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Toronto ombudsman Fiona Crean speaks at the City Council meeting in Toronto on Oct. 31, 2012.

Peter Power/The Globe and Mail

Complaints about the service delivered by city staff are on the rise and Toronto's ombudsman says rudeness and poor communication are partly to blame.

Toronto Ombudsman Fiona Crean released her annual report Wednesday, which showed a 28-per-cent jump in complaints by Toronto residents to her office in 2013 from the previous year. Of those, 70 per cent involved poor communication or inadequate information being given to residents, the report said.

Ms. Crean said part of the reason for the increase in complaints could be a growing awareness of her office, which has taken steps to increase its profile. She speculated that a rise in "social inequality" also could be behind the increase and what she described as the growing frustration exhibited by residents who contact her office – frustration that has required the use of security staff in some cases.

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"People are less patient and less tolerant and when you add in poor communications, then you have a real challenge," Ms. Crean said. "Shouting, cussing, I'm talking about people coming to our office … We have had to call security on a number of occasions."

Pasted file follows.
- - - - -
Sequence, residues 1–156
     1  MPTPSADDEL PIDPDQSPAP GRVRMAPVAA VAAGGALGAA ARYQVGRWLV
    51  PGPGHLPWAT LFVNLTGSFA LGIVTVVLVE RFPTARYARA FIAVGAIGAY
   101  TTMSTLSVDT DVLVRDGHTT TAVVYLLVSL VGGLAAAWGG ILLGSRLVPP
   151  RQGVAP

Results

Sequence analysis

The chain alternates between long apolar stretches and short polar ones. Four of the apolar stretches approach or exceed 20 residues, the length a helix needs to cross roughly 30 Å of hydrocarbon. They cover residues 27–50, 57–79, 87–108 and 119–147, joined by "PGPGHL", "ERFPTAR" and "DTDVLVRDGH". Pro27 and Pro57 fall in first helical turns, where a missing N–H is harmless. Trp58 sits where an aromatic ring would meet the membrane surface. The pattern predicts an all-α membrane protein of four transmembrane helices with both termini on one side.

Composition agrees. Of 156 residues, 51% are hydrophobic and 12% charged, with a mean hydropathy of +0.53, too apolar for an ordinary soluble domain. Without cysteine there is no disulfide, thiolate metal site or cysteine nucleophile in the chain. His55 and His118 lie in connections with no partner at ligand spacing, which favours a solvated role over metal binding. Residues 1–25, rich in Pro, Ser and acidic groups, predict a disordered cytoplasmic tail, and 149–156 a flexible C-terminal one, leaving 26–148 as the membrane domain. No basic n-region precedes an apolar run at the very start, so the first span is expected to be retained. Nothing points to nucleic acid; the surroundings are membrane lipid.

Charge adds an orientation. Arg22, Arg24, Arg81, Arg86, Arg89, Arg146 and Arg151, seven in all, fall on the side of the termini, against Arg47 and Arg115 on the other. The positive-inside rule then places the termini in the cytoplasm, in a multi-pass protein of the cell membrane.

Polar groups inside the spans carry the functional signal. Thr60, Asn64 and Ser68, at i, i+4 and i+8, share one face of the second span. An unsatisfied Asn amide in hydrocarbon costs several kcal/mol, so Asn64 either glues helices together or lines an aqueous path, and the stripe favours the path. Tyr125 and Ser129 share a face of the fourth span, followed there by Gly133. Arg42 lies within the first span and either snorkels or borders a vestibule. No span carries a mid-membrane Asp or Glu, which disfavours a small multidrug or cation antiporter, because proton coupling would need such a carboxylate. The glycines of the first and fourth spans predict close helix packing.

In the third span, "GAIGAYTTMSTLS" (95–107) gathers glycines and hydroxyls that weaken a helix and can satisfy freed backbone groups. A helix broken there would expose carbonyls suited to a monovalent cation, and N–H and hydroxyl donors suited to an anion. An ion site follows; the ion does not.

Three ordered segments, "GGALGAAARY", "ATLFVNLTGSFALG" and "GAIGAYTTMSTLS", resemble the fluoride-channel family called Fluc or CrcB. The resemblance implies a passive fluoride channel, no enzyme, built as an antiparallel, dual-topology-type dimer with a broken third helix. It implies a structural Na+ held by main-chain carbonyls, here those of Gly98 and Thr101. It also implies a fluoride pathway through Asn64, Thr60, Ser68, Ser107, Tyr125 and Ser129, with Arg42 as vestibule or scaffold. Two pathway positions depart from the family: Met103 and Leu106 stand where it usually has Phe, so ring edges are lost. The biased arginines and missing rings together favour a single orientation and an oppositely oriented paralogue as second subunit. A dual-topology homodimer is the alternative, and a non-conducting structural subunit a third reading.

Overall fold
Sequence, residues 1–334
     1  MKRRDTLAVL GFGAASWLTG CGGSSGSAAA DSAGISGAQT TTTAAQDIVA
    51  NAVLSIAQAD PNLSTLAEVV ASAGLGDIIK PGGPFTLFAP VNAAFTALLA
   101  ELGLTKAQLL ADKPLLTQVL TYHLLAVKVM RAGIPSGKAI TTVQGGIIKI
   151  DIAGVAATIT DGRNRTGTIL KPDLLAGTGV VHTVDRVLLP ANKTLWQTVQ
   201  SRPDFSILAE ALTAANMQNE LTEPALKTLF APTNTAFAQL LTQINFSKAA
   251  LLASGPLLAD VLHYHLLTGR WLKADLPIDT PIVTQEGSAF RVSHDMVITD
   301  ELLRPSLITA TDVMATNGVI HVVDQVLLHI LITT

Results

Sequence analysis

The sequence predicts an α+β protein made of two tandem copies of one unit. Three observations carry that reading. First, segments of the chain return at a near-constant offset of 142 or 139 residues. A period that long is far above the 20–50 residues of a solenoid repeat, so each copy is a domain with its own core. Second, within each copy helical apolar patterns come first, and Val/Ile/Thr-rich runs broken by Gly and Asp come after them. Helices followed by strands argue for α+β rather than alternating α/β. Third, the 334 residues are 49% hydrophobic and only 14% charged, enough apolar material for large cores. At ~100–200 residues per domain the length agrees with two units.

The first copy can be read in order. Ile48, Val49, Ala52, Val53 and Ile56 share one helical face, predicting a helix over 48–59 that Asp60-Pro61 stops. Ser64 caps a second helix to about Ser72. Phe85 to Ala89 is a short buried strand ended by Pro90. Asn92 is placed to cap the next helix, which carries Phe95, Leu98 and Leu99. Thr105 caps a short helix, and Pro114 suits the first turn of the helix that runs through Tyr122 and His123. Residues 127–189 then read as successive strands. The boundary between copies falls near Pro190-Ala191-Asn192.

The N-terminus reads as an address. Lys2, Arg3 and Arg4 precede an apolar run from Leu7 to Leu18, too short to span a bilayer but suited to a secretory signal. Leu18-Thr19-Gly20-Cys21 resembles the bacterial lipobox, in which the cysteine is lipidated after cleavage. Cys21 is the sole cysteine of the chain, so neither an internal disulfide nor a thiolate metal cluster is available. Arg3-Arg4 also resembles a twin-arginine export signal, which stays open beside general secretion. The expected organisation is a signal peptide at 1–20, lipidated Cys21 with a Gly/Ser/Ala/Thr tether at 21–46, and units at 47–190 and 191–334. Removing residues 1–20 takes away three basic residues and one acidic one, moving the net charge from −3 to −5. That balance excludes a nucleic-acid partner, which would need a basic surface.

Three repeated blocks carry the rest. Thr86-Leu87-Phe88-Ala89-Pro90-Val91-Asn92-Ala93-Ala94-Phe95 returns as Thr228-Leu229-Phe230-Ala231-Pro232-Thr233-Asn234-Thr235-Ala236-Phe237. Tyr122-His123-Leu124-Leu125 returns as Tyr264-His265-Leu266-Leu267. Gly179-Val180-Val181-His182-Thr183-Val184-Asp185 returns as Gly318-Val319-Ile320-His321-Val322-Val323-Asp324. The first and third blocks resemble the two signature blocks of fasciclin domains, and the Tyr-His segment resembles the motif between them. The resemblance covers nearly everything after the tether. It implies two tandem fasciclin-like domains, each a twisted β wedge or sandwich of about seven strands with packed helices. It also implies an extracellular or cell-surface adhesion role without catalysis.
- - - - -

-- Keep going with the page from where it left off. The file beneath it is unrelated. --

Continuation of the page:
Mayor Rob Ford has made "customer service excellence" a goal of his administration and said the report shows more work needs to be done, threatening to clean house if changes are not made.

"People have to have their phones answered. They have to be responsive to the taxpayers," Mr. Ford said Wednesday. "Things are changing, but it's going to take a lot of years to turn the culture around in here. We've done a lot in three years and in the next five years or 10 years, as long as I'm mayor, it's going to become perfect. But we're far from it now. I think people are going to get pink slips if they don't start responding to taxpayers when they call."

Far from improving, Councillor David Shiner said the ombudsman's latest report is proof the city's service levels are in decline.

"Customer service is waning. It should be better," said Mr. Shiner, chair of the city's government management committee, which oversees services such as the 311 call centre.

Part of the problem, Mr. Shiner said, is the more than 2,500 unfilled positions on the city's books – jobs that have been approved by council but remain unfilled. He pointed to a shortage of staff and increased workloads for the ombudsman's findings.

"Taxpayers are paying for services that they aren't getting," he said. "They are getting rude responses from staff that are overstretched in their workload and we are not able to complete the jobs on time."

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A spokeswoman for the city said there are a higher-than-normal number of vacancies, which staff are working to fill, but noted the issues raised by the ombudsman relate to customer service and the service standards for staff, which are being reviewed.

"The city manager takes the advice from the ombudsman very seriously," said Jackie DeSouza in a statement.

With a report from Marcus Gee

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